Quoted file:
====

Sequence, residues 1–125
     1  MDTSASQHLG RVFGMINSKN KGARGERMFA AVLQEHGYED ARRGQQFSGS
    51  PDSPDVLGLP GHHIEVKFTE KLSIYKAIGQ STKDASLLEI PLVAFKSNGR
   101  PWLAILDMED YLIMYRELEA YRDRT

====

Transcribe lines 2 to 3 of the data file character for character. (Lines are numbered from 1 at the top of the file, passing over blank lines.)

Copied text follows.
     1  MDTSASQHLG RVFGMINSKN KGARGERMFA AVLQEHGYED ARRGQQFSGS
    51  PDSPDVLGLP GHHIEVKFTE KLSIYKAIGQ STKDASLLEI PLVAFKSNGR